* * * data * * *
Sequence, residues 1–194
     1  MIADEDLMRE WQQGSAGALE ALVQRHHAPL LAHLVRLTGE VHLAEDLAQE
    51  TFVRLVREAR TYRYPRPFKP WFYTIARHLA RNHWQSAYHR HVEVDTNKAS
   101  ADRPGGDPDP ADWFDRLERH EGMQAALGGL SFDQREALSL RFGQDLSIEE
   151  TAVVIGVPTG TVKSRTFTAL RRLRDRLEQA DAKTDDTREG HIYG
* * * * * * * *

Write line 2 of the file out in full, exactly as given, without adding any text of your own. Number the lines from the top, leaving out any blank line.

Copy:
     1  MIADEDLMRE WQQGSAGALE ALVQRHHAPL LAHLVRLTGE VHLAEDLAQE